In recent years ski helmets have seen a flurry of innovation that has helped prevent or decrease the severity of head injuries. One of the most notable advancements is introducing integrated rubber films that help spread out and dampen impacts to a rider’s head. Founded in 2010, one of the first companies to patent this technology, Koroyd, partners with various brands, including Smith, to get their technology into a ski helmet.
This partnership between Koroyd and Smith leads them to file a joint lawsuit against helmet competitor Anon, a subsidiary of Burton, for patent infringement. The suit alleges that the WaveCel technology featured in Anon’s new Merak and Logan helmets is similar to the Koroyd technology implemented in Smith helmets since 2013. In the suit, the plaintiffs are seeking to stop Anon from continuing to sell their offending helmets or selling any helmets in the future that could infringe on their patents. This is in addition to seeking legal damages that could result from the suit.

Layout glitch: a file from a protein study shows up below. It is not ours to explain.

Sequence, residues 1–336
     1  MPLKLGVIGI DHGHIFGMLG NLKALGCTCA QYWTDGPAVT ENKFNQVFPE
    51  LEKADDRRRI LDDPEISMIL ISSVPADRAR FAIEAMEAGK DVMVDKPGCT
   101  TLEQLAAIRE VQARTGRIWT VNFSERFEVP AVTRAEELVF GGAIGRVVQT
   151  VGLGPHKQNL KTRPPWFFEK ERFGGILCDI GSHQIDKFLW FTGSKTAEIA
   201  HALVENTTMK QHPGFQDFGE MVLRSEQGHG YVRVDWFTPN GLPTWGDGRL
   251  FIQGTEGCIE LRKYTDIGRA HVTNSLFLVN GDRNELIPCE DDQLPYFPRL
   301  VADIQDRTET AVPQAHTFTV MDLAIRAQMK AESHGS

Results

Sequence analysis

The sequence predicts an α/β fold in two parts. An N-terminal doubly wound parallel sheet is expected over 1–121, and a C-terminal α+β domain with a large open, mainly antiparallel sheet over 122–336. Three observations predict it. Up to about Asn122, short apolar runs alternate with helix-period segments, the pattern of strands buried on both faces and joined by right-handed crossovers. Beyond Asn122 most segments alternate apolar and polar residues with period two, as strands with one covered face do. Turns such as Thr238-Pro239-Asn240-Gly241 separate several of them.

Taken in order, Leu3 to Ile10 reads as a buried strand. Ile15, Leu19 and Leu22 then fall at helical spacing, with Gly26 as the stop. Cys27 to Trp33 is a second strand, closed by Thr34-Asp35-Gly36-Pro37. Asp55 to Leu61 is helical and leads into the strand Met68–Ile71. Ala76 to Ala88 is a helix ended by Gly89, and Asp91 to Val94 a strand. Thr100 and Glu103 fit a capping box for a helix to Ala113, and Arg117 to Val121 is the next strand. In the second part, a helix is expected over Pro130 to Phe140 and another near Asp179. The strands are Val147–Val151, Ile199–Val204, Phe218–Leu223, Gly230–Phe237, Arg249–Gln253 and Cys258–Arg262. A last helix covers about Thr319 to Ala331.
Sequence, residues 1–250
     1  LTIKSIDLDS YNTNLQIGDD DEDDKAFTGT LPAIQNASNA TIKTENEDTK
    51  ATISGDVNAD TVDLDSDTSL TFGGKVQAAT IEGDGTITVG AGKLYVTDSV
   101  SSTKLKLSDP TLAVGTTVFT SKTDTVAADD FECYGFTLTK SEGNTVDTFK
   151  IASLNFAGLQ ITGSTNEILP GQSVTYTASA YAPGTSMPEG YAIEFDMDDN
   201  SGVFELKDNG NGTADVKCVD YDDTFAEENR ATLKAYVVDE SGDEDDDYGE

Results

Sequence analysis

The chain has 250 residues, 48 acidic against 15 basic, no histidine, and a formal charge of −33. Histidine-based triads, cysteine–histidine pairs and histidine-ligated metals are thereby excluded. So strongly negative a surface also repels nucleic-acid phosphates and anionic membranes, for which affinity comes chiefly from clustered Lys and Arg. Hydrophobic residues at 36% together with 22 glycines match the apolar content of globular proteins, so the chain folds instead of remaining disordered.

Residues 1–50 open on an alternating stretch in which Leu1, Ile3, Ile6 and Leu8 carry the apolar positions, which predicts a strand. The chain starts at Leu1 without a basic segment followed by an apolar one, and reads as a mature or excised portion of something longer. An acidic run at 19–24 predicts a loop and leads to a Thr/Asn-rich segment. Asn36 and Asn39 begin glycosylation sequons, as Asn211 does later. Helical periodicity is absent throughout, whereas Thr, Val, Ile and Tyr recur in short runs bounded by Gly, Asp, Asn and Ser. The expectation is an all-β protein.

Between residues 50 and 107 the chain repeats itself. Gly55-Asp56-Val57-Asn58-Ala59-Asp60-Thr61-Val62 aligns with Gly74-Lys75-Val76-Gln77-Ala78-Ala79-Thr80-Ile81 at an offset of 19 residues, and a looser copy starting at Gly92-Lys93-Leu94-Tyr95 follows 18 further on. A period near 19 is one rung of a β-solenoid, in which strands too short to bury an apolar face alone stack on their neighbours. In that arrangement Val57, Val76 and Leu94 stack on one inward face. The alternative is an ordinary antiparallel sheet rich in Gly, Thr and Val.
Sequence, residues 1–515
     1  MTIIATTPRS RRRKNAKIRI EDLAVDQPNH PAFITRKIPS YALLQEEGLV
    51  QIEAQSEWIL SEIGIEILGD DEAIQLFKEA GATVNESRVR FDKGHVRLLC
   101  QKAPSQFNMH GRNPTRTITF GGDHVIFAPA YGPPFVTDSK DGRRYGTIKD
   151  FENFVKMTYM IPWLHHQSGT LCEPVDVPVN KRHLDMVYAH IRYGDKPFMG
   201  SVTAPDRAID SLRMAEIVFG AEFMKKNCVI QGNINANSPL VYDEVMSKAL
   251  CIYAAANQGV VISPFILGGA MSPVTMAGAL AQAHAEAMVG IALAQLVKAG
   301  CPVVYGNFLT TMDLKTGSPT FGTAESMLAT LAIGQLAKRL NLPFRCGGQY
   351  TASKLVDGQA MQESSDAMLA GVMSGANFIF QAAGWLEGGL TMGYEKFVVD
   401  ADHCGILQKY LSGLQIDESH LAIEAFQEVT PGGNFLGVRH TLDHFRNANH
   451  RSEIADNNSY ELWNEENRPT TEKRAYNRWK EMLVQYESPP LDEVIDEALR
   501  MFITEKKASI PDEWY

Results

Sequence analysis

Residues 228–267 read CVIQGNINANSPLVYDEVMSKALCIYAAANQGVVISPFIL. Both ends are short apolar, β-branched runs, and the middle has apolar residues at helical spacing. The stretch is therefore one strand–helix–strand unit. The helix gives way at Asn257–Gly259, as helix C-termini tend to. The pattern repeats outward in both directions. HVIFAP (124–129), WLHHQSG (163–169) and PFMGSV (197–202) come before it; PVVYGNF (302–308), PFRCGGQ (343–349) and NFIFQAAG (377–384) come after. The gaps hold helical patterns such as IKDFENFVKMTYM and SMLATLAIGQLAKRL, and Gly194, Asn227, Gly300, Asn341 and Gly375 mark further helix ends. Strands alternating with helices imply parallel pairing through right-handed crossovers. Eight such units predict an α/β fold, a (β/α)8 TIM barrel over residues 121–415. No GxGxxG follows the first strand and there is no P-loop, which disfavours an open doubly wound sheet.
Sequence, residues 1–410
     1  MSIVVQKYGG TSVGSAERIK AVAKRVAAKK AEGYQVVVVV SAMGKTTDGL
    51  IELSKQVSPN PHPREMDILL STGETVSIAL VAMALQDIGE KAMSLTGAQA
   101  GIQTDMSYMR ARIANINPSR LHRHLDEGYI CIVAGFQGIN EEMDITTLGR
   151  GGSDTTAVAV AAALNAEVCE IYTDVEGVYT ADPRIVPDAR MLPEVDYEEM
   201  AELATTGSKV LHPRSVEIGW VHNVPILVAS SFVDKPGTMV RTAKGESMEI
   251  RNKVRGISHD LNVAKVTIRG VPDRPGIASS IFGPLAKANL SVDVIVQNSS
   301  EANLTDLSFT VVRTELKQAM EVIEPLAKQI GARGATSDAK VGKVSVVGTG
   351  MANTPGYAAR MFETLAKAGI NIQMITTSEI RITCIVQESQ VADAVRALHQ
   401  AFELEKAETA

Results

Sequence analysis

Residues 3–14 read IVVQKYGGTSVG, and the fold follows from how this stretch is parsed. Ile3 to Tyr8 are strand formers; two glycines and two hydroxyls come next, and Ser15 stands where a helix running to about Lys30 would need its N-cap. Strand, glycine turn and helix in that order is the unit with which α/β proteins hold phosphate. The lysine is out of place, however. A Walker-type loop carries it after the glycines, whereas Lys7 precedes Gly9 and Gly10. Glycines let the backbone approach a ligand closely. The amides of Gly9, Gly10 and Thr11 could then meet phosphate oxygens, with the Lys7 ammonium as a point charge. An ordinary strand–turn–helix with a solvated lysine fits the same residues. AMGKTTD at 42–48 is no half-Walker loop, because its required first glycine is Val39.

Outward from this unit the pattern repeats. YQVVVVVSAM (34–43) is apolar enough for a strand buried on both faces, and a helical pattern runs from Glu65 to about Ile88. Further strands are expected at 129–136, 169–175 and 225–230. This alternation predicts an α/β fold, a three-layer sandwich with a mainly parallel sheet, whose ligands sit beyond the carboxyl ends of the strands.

Despite having been used before in bicycle helmets, the incorporation and marketing of the WaveCel technology in Anon helmets triggered the lawsuit from Smith and Koroyd. Anon, who was the first to integrate WaveCel technology into snowsports helmets, planned to release more helmets with the technology for the upcoming winter. However, the fate of both the future and current helmets remains uncertain as Burton and Anon have yet to release a statement regarding the lawsuit.